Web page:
Families with severely epileptic children say they continue to be denied NHS prescriptions for medical cannabis despite a law change in 2018.
Parents claim they are having to pay more than £2,000 each month to have “full-extract” cannabis treatment legally imported to the UK through private prescriptions.
Full-extract medical cannabis contains cannabidiol (CBD) and the psychoactive ingredient delta-9-tetrahydrocannabinol (THC).
Some parents fear they will be unable to continue the treatment, which they say significantly reduces the number of seizures.
More than a dozen families and campaigners gathered at Portcullis House in central London on Wednesday to put pressure on the Government to ensure the medicine is prescribed.
A change in the law in 2018 made it legal for doctors to prescribe medicinal cannabis, but many doctors have been reluctant to do so, citing a lack of clear guidance on prescribing and issues over funding.
Peter Carroll, director of the End Our Pain campaign group, said: “This is a national scandal, and a cruel one at that. These families have children with intractable drug-resistant epilepsy.
“The NHS trusts seem to be saying that the Nice (National Institute for Health and Care Excellence) are the problem, and Nice are saying that their guidance doesn’t prevent NHS prescriptions.”
He said families had faced “delay, obstruction and outright refusal by the NHS” to prescribe the medication.
Mr Carroll said the campaign group is planning to take legal action with a judicial review against Nice and an NHS trust, which he refused to name.
By September last year, just two patients held NHS prescriptions for THC-bearing medical cannabis in the UK.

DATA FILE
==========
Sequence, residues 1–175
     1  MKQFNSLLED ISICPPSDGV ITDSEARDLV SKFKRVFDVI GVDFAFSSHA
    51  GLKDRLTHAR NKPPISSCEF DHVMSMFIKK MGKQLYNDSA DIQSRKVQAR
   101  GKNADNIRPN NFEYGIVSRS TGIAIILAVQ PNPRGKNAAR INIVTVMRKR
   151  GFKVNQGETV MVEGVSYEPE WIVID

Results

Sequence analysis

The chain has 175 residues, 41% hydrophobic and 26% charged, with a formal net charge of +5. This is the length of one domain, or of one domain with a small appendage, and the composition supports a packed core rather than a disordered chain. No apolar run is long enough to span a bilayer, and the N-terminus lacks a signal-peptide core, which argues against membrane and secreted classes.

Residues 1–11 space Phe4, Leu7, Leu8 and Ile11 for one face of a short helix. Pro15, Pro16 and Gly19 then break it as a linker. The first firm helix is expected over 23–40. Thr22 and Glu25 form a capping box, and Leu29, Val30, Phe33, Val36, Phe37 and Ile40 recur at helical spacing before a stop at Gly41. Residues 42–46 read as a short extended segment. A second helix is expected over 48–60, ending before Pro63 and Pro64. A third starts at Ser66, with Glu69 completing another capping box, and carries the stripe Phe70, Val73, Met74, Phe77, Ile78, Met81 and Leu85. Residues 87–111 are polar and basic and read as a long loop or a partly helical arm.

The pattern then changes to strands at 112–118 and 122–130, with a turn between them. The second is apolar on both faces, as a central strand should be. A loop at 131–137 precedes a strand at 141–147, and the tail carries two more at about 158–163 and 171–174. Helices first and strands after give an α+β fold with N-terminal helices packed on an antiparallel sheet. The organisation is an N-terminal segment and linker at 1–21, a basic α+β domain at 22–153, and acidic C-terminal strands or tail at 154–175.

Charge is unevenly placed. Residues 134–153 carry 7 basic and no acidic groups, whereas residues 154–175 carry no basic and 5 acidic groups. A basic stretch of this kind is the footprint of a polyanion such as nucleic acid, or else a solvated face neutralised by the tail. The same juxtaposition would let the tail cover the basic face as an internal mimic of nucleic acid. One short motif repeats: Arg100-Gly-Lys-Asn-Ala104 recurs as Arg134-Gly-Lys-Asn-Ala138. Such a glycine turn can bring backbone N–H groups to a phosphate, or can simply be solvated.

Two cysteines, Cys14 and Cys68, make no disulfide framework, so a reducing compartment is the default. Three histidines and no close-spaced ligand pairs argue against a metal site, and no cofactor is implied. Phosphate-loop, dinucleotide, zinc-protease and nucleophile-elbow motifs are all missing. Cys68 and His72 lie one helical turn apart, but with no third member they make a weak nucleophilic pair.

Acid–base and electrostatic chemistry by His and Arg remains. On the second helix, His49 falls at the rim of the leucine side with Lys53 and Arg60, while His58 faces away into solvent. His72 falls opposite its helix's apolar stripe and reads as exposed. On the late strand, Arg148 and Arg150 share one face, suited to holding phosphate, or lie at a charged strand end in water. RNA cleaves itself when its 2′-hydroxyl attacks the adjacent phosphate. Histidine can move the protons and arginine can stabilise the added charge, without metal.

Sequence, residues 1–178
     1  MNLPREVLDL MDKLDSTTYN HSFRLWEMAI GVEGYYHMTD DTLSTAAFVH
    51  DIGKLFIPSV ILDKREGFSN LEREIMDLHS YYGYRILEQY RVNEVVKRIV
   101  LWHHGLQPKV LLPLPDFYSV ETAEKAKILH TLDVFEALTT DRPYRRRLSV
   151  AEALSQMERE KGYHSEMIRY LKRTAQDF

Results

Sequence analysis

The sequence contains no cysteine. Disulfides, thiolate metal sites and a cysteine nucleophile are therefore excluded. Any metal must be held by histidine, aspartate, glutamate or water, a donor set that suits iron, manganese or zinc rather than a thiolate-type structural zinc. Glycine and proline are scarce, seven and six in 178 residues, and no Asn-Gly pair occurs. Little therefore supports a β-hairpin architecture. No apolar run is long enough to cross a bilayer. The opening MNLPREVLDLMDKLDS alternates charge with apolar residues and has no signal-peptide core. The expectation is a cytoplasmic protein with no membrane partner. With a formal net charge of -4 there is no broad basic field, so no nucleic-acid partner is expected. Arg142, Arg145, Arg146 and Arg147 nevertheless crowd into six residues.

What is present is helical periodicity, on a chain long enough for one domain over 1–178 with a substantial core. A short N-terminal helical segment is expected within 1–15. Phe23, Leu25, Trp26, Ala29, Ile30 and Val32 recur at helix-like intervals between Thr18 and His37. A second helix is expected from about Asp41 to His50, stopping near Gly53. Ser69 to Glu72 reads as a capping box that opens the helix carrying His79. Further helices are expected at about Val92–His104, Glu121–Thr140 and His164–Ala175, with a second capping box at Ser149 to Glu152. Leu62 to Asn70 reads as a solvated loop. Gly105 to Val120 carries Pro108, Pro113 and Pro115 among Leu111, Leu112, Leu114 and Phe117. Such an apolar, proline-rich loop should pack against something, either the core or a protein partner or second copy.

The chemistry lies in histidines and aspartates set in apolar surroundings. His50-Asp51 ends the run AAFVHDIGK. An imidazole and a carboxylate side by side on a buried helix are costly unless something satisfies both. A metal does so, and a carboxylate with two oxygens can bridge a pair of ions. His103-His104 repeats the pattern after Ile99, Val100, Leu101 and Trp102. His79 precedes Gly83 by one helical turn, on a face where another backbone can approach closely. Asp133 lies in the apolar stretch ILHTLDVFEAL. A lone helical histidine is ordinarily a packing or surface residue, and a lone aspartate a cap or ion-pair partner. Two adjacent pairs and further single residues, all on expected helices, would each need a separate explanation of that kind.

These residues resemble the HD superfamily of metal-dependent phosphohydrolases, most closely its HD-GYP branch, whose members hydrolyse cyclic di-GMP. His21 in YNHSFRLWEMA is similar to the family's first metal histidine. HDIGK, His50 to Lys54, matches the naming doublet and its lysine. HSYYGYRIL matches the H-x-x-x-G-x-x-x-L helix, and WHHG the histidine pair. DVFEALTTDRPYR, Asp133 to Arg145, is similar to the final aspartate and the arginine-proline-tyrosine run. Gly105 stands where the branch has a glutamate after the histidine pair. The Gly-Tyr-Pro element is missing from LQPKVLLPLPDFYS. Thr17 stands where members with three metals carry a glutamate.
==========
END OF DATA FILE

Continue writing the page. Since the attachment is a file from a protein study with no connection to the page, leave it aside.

Rachel Rankmore, 44, from Cardiff, told the PA news agency she pays £2,300 per month for a private prescription of full-extract cannabis medicine for her 18-year-old son Bailey Williams, who has an intractable form of epilepsy.
She said: “Bailey was having hundreds of seizures a day and was confined to his bed, but now he only has a handful. He has had an incredible improvement in his quality of life.”
The full-time carer claimed she had been told by NHS doctors they would not prescribe the medication “as there was not enough clinical evidence” about it.
“It is a huge financial strain for us and the money for the private prescription runs out in April,” she said.
In November, NHS England said access to Epidyolex, which contains only the CBD extract, had been fast-tracked to be available from January 6 this year.
The medicine was recommended for use on the NHS to treat two rare types of epilepsy, Lennox-Gastaut and Dravet syndromes.
Another cannabis-based medicine, the Sativex spray, was recommended for muscle spasms in people with multiple sclerosis (MS).
Earlier on Wednesday, Health Secretary Matt Hancock denied lying to a mother who was seeking cannabis-based medication for her son.
Joanne Griffiths said Mr Hancock told her last March the drug would be available “in several months’ time on the NHS”, but she added: “We’re nearly 12 months on and we still don’t have that prescription.”
Asked on BBC Breakfast if he had lied, Mr Hancock said: “No, I met her and many other parents whose children benefit from these cannabis-based drugs.
“There was then a report from the National Institute which decides what is paid for on the NHS that came out exactly as she said a few months after our meeting, and that report said that the costs that are being charged by the companies are too high.
“Since then I’ve been working incredibly hard to try to get these drugs available on the NHS.”
A Department of Health and Social Care spokesman said: “We continue to work hard with the health system, industry and researchers to improve the evidence base for other cannabis-based medicines.”
Guidance from Nice last year looked at cannabis-based products for several conditions.
It found a lack of evidence regarding their use in the management of chronic pain and said people with chronic pain should not be prescribed drugs containing THC.
It also said more research was needed on cannabis-based medicines to treat forms of epilepsy other than Lennox-Gastaut and Dravet.